GW graduates this May will hear advice from the leader of one of the world’s most successful companies.
Apple’s CEO, Tim Cook, who has led the publicly traded corporation since 2011, will headline Commencement this year, the University announced Wednesday at a men’s basketball game. Cook, who will receive an honorary doctorate of public service, was suggested as this year’s speaker by a group of students during the selection process.
University President Steven Knapp said in a release that he was “delighted” that Cook accepted the invitation to address the Class of 2015.
“I know our graduating students will be inspired and enlightened by his reflections on the lessons he has garnered from his distinguished career as a highly effective leader at the forefront of technological innovation,” Knapp said.
The announcement came during the second half of Wednesday night’s basketball game. A minute-long video played during a timeout, which showed text messages and phone calls between University officials and Cook on iPhones. Students cheered when it was revealed that he would be the speaker.
“I’m proud to be gay, and I consider being gay among the greatest gifts God has given me,” he wrote.
The Financial Times named Cook the Person of the Year for 2014, and Time named him one of the world’s 100 most influential people in 2012. He will speak on the National Mall about a month after the Apple Watch will begin shipping.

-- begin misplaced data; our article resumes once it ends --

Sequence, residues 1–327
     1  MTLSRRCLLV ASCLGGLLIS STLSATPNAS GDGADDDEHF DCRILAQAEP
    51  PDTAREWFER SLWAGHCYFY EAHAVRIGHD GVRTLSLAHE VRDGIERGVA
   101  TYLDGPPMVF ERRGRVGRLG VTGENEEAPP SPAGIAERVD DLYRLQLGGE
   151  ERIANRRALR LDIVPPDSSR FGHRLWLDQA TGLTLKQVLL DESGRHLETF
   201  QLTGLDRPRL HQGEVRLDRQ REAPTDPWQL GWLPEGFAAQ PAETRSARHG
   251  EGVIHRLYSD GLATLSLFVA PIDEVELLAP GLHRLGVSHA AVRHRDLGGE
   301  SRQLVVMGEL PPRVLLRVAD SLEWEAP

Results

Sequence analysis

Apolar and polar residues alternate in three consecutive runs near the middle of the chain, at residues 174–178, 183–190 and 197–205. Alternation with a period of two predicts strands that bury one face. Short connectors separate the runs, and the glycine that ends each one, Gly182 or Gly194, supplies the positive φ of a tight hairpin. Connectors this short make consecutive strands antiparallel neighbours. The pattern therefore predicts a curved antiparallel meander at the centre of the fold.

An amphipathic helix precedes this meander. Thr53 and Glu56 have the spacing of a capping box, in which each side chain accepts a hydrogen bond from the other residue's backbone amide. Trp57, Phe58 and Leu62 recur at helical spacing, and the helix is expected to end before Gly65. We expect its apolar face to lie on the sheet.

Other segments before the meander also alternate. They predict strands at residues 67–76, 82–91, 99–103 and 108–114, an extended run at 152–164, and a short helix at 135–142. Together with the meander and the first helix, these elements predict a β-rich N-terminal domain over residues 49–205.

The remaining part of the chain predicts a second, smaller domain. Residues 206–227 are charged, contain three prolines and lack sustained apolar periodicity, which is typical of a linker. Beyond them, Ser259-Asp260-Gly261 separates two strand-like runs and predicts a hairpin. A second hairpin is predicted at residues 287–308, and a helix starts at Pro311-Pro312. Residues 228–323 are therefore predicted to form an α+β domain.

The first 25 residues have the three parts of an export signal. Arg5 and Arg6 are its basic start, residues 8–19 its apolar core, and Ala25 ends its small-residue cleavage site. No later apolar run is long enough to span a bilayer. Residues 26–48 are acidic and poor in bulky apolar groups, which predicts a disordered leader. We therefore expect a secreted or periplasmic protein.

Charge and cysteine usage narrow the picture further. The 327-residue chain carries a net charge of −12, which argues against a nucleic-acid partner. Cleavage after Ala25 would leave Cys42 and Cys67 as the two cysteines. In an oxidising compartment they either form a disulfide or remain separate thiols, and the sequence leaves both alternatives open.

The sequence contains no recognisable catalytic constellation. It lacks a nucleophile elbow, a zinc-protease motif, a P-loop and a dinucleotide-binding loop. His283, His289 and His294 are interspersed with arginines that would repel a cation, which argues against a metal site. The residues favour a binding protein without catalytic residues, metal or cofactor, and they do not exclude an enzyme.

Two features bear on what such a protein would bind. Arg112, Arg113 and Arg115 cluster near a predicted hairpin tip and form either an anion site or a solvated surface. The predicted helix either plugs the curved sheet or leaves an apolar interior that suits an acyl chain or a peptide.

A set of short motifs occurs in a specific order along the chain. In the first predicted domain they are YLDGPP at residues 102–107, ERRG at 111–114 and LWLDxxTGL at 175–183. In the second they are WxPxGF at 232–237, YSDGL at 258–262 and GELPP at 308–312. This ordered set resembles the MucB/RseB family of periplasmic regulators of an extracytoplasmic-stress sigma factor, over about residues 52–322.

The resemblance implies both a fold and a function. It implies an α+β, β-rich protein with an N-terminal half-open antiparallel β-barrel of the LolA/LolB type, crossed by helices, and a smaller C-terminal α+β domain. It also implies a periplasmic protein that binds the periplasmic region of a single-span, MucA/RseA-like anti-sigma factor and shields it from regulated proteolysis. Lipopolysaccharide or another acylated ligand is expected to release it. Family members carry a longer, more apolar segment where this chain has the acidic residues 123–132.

Cook delivered the commencement speech at Auburn University, where he earned his bachelor’s degree in industrial engineering, in 2010. He was Apple’s chief operating officer at the time.
His Auburn address focused on self-discovery and hard work, and he spoke about his decision to join and stay with Apple.
“If you are prepared when the right door opens then it comes down to just one more thing: Make sure that your execution lives up to your preparation,” Cook said during his speech.
The University will also award honorary degrees to Anthony Fauci, the director of the National Institute of Allergy and Infectious Diseases at the National Institutes of Health, and Carole Watson, who earned her Ph.D. from GW in 1978 and is the former acting chair of the National Endowment for the Humanities.
Those picks marked departures from previous politics-focused choices, like then-Secretary of State Madeleine Albright, then-New York City Mayor Michael Bloomberg, First Lady Michelle Obama, former President George H.W. Bush and former First Lady Barbara Bush.